Human-Computer Interaction: Informing Design Utilizing Behavioral, Neurophysiological, and Design Science Methods Minitrack

The aim of this minitrack is to provide a forum for HCI researchers to exchange a broad range of issues related to the design of human-computer interaction by drawing upon diverse approaches, including behavioral, neurophysiological, and design science methods. Appropriate papers for the HCI mini-track will draw on the broadest range of research methodologies including, but not limited to, behavioral methods (e.g., case study, experimentation, survey, action research), neurophysiological tools (e.g., fMRI, eye tracking, HCI devices such as mice, touch screens and typing dynamics, skin conductance response), and design science approaches. Accordingly, a broad range of reference disciplines may be appropriate to draw upon to inform design, such as: computer science, information systems, consumer behavior, psychology, organizational sciences, neuroscience, neuroeconomics, and neuromarketing. Moreover, papers that help to bridge academic research and industry practice are welcome.

Given the diverse goals of this minitrack, there are a plethora of appropriate topics; possible topics include, but are not limited to:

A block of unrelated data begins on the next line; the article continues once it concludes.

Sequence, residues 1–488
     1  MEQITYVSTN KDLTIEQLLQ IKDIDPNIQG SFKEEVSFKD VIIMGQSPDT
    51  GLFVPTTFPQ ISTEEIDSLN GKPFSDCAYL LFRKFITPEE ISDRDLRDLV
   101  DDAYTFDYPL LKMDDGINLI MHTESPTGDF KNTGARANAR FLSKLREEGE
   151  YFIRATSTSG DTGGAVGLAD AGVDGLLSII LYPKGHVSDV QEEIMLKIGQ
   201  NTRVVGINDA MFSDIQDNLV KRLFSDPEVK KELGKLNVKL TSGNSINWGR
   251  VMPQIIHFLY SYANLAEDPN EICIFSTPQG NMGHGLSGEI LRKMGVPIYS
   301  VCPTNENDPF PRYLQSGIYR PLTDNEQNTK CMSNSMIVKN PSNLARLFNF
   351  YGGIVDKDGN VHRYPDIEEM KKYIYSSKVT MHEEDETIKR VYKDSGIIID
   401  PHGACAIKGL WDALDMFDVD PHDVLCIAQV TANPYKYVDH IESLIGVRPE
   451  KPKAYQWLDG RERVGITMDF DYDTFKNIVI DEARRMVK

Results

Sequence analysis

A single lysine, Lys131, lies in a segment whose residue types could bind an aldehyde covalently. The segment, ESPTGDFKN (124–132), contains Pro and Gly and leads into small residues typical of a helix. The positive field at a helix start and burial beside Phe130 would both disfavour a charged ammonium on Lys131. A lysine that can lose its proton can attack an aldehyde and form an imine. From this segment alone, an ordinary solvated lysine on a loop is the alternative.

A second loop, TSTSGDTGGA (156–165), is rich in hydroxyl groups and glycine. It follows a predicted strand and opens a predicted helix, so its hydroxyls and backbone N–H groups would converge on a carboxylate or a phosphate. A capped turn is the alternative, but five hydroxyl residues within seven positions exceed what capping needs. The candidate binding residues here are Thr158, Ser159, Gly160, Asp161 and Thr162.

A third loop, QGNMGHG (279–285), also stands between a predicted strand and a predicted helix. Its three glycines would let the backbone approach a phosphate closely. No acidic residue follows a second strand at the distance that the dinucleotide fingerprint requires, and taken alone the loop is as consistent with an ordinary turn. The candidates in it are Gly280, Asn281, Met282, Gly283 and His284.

• Behavioral, neurophysiological, and design aspects of human-computer interaction
  • Neuroscientific approaches to human-computer interaction
  • How design and human-computer interaction is informed by neurophysiological tools
  • User task analysis and modeling
  • Analysis, design, development, evaluation, and use of information systems
  • Guidelines and standards for interface design
  • Web-based user interface design and evaluation for:
    • B2B, B2C, C2C E-Commerce
    • Group collaboration
    • Negotiation and auctions
  • Design and evaluation issues for mobile devices and m-Commerce
  • Interface issues in the design and development of other new interaction technologies
  • Information system usability engineering
  • The impact of interfaces on attitude, perception, behavior, productivity , and performance (including their measurement with neurophysiological tools)
  • Implications and consequences of technological change on individuals, groups, society, and socio-technical units
  • Design issues related to the elderly, the young, and special needs populations
  • Issues related to teaching HCI courses
  • Other human factors issues related to HCI
  • Interface design for group and other collaborative environments
  • User Developer experiences with particular interfaces, design environments, or devices
  • Evaluation of HIC devices, design approaches and usability in specific domains, including health care, law, engineering, governmental, business, and so on

Minitrack Co-Chairs:

Christoph Schneider (Primary Contact)
City University of Hong Kong

Joe Valacich
University of Arizona

Angelika Dimoka
Temple University

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